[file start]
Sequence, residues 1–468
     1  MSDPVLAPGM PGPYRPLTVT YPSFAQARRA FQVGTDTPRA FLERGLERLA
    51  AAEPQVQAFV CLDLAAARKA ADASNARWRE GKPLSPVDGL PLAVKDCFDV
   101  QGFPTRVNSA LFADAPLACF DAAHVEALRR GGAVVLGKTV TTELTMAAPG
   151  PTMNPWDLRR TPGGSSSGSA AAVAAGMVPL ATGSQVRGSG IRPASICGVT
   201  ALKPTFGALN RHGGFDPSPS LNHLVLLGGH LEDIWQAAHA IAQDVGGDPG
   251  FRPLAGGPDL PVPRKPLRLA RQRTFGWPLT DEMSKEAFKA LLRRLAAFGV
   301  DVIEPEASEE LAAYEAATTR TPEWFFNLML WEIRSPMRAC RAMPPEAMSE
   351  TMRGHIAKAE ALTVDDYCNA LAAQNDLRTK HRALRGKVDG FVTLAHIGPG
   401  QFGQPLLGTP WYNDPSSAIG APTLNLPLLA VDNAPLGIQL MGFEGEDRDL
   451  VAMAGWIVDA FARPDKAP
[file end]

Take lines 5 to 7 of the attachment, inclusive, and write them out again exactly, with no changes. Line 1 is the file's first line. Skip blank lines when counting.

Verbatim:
   151  PTMNPWDLRR TPGGSSSGSA AAVAAGMVPL ATGSQVRGSG IRPASICGVT
   201  ALKPTFGALN RHGGFDPSPS LNHLVLLGGH LEDIWQAAHA IAQDVGGDPG
   251  FRPLAGGPDL PVPRKPLRLA RQRTFGWPLT DEMSKEAFKA LLRRLAAFGV